Support for the more than 1500 Palestinian prisoners on hunger strike, which began on April 16, continues to grow across the Occupied Palestinian Territories, despite the more than 1500 prisoners on hunger strike getting almost no reaction from mainstream media.
On April 27, thousands of Palestinians in launched a general strike in solidarity across the occupied West Bank and East Jerusalem, shutting down their public transportation services, shops, businesses, banks and schools, TeleSUR English reported.
The Ma’an news service reported that on the day of the strike strike, the streets were so empty, they were reminiscent of the First Intifada (“uprising”), which started in 1987, when Palestinian general strikes were part of a coordinated civil disobedience campaign against Israeli forces.
The next day, more than 50 Palestinians were injured in clashes with Israeli forces in protests across the West Bank as part of a “Day of Rage” called by Palestinian party Fatah.
Gazans are also protesting in support of the hunger strikers “Freedom and Dignity” campaign, with many camping in the streets of the territory still subjected to a cruel Israel siege.
Meanwhile, there are reports that the health of hunger striking prisoners continues to deteriorate. Some have reportedly begun refusing water.
TeleSUR English reported on April 26: “According to the Media Committee for Palestinian Prisoners’ Hunger Strike, a joint committee formed by the Palestinian Prisoner’s Society and Palestinian Committee for Prisoners’ Affairs, a number of prisoners being held in solitary confinement in Ramla prisons had stopped drinking water.
“According to Qaraqe, Israel Prison Service [IPS] officials have continued to punish participating prisoners for their strike, including preventing them from accessing commissaries to purchase salt — as some prisoners are only consuming salt and water — giving them only dirty sheets and covers and carrying out provocative search raids of prisoners’ rooms.”
As well as placing identified leaders in solitary confinement, the IPS is separating out hunger strikers as much as possible, and has removed all personal belongings from those taking part.
It is safe to say that, at the very least, the treatment of Palestinian prisoners does not measure up to the so called “Nelson Mandela rules” established by the UN on the minimum standards for the treatment of prisoners. After nearly two weeks on strike, prisoners were starting to be transferred to hospitals and prison clinics.
The hunger strike’s leader, Marwan Barghouti, remains in solitary confinement in deteriorating health. Far from being a last resort, solitary confinement is a punishment tool regularly used by the Israeli Prison Service (IPS).
On April 16, an opinion piece by Barghouti entitled “Why We Are on Hunger Strike in Israel’s Prisons” was published by the New York Times, and syndicated in other publications.
Barghouti wriote: “Having spent the last 15 years in an Israeli prison, I have been both a witness to and a victim of Israel’s illegal system of mass arbitrary arrests and ill-treatment of Palestinian prisoners. After exhausting all other options, I decided there was no choice but to resist these abuses by going on a hunger strike ...
“Decades of experience have proved that Israel’s inhumane system of colonial and military occupation aims to break the spirit of prisoners and the nation to which they belong, by inflicting suffering on their bodies, separating them from their families and ... In spite of such treatment, we will not surrender to it.”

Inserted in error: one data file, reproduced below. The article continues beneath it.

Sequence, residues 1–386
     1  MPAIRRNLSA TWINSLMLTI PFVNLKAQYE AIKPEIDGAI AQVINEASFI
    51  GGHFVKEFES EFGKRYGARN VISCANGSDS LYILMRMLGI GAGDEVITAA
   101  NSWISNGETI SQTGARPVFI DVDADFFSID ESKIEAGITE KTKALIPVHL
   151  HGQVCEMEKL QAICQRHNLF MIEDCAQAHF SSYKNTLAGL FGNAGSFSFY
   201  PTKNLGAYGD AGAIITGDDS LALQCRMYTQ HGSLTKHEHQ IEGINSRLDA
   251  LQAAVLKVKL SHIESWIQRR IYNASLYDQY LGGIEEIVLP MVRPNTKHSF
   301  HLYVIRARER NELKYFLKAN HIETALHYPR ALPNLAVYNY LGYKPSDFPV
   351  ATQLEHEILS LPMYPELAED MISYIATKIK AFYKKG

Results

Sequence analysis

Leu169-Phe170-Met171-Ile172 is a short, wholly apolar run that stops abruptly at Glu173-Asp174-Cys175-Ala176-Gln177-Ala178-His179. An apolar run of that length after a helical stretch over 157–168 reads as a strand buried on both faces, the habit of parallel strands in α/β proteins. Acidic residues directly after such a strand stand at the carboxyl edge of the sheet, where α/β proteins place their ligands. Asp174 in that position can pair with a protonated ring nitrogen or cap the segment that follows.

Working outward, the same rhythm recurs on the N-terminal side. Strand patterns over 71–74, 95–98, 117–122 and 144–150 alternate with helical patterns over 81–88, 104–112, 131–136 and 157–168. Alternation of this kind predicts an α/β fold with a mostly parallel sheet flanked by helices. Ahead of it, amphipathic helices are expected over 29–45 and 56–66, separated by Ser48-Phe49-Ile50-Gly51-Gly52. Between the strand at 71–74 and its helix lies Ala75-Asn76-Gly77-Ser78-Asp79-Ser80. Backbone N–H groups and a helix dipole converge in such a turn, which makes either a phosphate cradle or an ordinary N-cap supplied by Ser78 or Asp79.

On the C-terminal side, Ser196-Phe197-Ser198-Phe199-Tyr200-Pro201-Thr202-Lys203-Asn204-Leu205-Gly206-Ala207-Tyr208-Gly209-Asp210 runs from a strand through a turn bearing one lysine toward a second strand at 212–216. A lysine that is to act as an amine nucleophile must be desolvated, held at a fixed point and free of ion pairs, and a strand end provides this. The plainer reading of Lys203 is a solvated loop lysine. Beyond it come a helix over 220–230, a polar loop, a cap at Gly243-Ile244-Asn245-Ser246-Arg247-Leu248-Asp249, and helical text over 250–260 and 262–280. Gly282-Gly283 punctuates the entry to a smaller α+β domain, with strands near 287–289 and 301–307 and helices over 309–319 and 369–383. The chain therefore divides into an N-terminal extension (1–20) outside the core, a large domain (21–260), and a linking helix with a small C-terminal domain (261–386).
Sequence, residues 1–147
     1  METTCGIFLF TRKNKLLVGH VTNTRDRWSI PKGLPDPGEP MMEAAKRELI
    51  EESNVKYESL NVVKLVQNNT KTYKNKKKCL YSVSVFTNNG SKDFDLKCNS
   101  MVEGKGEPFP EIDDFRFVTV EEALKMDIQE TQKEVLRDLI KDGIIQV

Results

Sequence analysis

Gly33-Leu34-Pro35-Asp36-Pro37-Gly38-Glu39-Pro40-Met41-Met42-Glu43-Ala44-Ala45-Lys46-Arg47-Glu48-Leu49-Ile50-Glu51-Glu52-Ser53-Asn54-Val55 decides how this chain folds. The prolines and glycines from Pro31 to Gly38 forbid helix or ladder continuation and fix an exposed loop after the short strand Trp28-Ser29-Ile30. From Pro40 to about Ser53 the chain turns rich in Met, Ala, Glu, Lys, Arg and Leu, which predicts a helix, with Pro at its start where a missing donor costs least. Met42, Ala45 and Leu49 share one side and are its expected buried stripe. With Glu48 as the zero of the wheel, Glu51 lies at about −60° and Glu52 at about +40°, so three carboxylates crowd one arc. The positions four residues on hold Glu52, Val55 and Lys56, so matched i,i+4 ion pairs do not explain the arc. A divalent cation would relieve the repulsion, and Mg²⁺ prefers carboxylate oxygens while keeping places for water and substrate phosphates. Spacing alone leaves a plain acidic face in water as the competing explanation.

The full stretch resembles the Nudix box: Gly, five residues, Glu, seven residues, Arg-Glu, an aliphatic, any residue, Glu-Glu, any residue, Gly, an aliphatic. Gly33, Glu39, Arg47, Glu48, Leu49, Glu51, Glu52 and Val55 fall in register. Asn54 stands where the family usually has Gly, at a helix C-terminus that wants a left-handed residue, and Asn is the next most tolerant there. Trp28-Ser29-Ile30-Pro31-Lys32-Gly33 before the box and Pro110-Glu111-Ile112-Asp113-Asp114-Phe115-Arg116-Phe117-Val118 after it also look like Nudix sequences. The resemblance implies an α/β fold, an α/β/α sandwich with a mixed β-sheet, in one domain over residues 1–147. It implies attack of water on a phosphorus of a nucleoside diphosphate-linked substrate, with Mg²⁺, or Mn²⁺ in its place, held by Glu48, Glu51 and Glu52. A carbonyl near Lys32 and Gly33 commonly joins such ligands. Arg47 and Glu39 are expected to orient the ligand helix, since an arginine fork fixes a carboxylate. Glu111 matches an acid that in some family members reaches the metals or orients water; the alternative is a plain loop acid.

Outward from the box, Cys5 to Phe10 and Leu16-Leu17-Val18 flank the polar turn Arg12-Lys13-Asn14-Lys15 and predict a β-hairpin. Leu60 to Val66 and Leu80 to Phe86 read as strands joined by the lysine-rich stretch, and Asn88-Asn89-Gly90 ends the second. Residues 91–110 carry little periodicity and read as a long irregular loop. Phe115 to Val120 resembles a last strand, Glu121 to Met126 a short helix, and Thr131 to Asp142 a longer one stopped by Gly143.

The decision of the NYT to run the piece outraged the Israeli media, claiming Barghouti was a murderer and terrorist.
Pressure from Israel led to a later version of the piece, which was only published online, being amended to list the crimes Barghouti was jailed for (murder and belonging to a terrorist organisation).
Barghouti’s op-ed aside, mainstream media outlets are otherwise mostly remaining silent. However, international solidarity with the hunger strikers continues to build. A statement of support was issued by former Robben Island prisoners in South Africa, the infamous jail where the Apratheid regime jailed opponents, including Mandela.
In a statement, the Ex-Robben Island Political Prisoners Veterans Association (EPPA) said: “We unconditionally support all the demands made by our brothers and sisters in those dark prison cells and strongly condemn the illegal detention of women and children, as well as all political prisoners incarcerated in Israeli prisons.”
On the other hand, Israeli Defense Minister Avigdor Lieberman condemned the hunger strike. Ominously, Lieberman commenting on social media that he would treat the hunger strikers the same way that the British government treated Irish political prisoners who went on hunger strike in the early 1980s.
In 1981, the intransigence of Britain’s Margaret Thatcher government, which publicly stated its “refusal to negotiate with terrorists”, led to the death of 10 men on hunger strike.
It seems clear the minister has no interest in addressing the prisoners’ immediate concerns, nor the implications for stability should Palestinian prisoners die.
His attitude is echoed in the actions of Israeli extremists, reportedly from the youth-wing of Lieberman’s right-wing National Union party, held a BBQ outside Ofer prison on April 20 to taunt Palestinian prisoners. The authorities made no attempt to stop the BBQ.
By contrast, widespread arrests of Palestinian civilians across the West Bank have taken place since the hunger strikes began. Arrests and home invasions are a daily occurrence in the Occupied Territories, but the rate appears to be spiking.